The question of how to pay for mine reclamation flies beneath the surface of the general public even though the question is, literally, above the ground and right in front of the major coal producing regions. The problem is the ‘self-sticking’ that ensures their surface mines are ‘salvaged’.
Many small coal companies have to post a “bond” which they buy from an insurance company, which would provide the funds needed to restore surface mines so that the sites can be reused if the producer is not. able to fulfill this responsibility. But the biggest developers have been allowed to use their own balance sheets to back up those promises – a right that has not been a problem until recently. This is because the financial health of the country’s coal companies is failing, potentially exposing taxpayers to the risk of paying the costs of reclamation.
And that’s no small sum: nearly $ 2.7 billion of auto bonds are in circulation.
Alpha Natural Resources
“In short, if the coal company goes bankrupt, state or federal governments – that is, we the people – may have to pay to clean up the mess from the company,” writes Clark Williams-Derry of sightline.org .
It wasn’t until 1977 that the US Congress passed laws signed by the president to restore mine sites and post a bond. The purpose of the so-called Surface Mining Control and Reclamation Act is not only to ensure that mine sites are cleaned up, but also to ensure that taxpayers do not end up with the invoice. Already, $ 8 billion has been spent to reclaim abandoned mine sites and an additional $ 4 billion is needed for pre-1977 sites, according to the taxpayer group.
It is therefore up to the Office of Surface Mine Recovery and Enforcement to oversee the process. As such, the agency is now revising its policy of allowing large conglomerates to self-stick in light of their financial difficulties. In other words, the original value of their assets is far greater than what they could get in today’s markets – a value that supports historically low prices for the coal used to make coal. electricity and for the coal used to make steel. This is in addition to the fact that natural gas is taking market share from coal in the electricity generation markets.
To continue this practice of self-sticking, parent companies in difficulty use the balance sheets of their healthier subsidiaries. Reuters reports specifically cited Arch Coal and Peabody Energy, specifically their surface mining sites in Wyoming and Montana which are part of the Powder River Basin and provide 40 percent of the country’s coal.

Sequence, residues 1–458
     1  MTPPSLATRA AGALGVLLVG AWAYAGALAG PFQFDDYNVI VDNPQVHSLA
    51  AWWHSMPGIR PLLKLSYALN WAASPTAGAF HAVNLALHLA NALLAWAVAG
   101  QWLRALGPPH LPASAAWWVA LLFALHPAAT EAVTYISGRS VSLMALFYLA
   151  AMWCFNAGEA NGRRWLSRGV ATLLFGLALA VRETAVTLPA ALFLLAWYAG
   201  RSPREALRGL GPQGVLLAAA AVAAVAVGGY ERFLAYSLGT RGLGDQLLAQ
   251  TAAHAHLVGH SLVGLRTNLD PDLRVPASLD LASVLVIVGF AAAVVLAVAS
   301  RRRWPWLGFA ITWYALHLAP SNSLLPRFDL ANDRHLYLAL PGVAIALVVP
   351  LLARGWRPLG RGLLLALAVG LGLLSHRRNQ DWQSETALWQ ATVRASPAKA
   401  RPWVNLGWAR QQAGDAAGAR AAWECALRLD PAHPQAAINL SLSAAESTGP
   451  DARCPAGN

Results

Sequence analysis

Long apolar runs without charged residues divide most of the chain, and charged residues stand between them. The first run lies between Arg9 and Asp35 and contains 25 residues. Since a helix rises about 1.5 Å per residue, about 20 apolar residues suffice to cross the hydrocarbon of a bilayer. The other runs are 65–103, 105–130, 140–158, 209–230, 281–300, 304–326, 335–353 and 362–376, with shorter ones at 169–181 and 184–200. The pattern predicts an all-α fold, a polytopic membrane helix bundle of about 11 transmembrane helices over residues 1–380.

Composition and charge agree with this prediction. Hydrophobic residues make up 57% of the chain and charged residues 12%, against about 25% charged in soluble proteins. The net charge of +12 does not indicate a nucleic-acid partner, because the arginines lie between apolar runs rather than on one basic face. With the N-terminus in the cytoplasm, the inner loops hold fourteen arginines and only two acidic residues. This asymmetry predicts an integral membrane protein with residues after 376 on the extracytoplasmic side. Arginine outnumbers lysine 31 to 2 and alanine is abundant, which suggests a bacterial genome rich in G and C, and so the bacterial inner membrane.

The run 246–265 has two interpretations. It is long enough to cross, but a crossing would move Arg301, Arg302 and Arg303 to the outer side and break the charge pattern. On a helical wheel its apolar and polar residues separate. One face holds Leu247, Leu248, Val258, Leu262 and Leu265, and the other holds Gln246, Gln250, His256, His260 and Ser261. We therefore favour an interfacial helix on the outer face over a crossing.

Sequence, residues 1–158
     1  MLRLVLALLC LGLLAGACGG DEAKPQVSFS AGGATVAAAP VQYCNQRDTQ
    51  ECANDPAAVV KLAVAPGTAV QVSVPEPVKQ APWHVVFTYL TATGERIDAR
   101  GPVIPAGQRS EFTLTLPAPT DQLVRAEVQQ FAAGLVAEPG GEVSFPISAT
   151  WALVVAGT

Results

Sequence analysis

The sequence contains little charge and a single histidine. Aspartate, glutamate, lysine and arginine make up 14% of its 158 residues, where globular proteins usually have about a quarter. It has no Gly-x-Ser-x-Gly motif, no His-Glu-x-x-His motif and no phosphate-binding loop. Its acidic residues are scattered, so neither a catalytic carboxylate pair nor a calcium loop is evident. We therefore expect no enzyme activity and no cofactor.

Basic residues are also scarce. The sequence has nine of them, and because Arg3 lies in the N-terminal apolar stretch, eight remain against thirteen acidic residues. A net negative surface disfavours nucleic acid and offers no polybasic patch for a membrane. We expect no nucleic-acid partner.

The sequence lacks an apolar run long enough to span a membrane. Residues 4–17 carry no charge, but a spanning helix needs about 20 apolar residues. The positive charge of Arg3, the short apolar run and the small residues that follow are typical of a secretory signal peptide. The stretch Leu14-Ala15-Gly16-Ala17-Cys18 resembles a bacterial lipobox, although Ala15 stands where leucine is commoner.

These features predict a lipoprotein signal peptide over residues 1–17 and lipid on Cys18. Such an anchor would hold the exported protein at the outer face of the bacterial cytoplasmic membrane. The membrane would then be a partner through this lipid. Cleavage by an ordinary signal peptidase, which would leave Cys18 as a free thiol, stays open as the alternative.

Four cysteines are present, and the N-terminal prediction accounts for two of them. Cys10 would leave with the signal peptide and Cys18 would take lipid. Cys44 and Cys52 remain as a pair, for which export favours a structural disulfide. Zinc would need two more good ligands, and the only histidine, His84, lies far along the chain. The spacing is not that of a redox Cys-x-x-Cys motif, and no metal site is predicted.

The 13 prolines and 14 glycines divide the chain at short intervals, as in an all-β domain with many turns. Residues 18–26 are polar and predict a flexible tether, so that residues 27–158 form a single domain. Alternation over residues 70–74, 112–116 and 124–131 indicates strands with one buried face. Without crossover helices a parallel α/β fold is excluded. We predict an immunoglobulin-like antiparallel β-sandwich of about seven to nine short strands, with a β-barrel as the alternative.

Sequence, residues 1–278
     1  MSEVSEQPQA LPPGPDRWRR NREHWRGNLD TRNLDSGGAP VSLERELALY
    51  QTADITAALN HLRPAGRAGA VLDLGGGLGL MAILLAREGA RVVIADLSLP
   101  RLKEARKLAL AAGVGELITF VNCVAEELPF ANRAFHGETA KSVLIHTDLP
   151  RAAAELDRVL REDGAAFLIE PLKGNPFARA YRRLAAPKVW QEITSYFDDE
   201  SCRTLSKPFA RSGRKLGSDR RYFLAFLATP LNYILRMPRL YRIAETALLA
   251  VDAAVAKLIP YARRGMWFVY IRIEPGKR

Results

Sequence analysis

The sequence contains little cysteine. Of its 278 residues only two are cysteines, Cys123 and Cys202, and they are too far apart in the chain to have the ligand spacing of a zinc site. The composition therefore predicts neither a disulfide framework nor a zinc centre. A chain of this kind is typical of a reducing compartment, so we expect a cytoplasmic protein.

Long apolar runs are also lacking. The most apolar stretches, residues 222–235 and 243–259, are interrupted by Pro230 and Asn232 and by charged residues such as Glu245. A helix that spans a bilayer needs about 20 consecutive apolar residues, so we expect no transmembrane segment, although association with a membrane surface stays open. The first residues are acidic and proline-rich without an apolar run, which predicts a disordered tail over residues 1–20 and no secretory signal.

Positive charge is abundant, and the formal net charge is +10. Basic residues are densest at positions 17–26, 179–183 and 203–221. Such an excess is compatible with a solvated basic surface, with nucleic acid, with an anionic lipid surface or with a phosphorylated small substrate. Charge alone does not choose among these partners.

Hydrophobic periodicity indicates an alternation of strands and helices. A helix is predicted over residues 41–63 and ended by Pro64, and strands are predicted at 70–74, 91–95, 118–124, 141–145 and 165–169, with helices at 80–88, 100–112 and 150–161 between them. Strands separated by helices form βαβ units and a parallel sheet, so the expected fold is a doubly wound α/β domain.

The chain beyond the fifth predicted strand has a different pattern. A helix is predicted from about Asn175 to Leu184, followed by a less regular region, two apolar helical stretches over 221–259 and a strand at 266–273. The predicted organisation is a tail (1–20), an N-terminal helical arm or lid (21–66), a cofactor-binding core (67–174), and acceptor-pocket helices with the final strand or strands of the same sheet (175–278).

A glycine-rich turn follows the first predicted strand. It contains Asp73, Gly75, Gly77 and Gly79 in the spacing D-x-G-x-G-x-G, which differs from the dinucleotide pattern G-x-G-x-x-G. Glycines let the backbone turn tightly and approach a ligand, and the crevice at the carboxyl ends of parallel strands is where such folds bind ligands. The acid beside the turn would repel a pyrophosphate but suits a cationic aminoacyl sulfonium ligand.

The problem, of course, is that Arch has said he might file for bankruptcy to give him time to reorganize while Peabody might not be far behind. A judge would then give priority to each request. On a phone call with Peabody, he says he’s writing a detailed analysis of this situation.
“Peabody and our operating subsidiaries remain in full compliance with state and federal requirements governing bonding requirements, and all of our mines in states where Peabody has self-bonding were reaffirmed for eligibility in 2015,” said the company in an official statement. âWe pride ourselves on our track record of high quality reclamation and believe the standards that govern bonding are appropriate and have led to positive results. “
Obviously, purchasing an insurance policy to cover bankruptcy reclamation costs is money that would otherwise go towards producing and paying workers’ wages. However, the inability to pay such restoration costs could fall on everyone if companies are unable to do so. Otherwise there would be a big and ugly plague on the earth.
How real? âWe cannot predict our ability to obtain these bonds or their cost in the future,â says Alpha Natural Resources, in a filing with the United States Securities and Exchange Commission. Wyoming, for example, said Alpha no longer qualifies for self-bond.
In addition, the wave of bankruptcies that hit the coal sector has already caused some major producers to default on their obligations to pay bondholders: Alpha Natural Resources, Patriot Coal and Walter Energy. Arch Coal and Peabody Energy both have a “reasonable probability of default,” says Fitch Ratings, Arch being the more likely of the two.
It is the job of state regulators to examine companies’ financial statements to determine whether they qualify for self-bonding, despite being bound by what federal law says. And until federal regulators – or the courts – decide otherwise, parents are using the financial data of their healthiest affiliates to back up their promises. The value of the assets is worth more than the cost of reclamation, they say.
For decades, the financial weight of coal has not been questioned. Now that fuel is out of favor with the market and regulation, however, much of the industry is forced to restructure, prompting regulators to reassess what companies can self-insure. While coal-producing states want economic development, they don’t want taxpayer bailouts.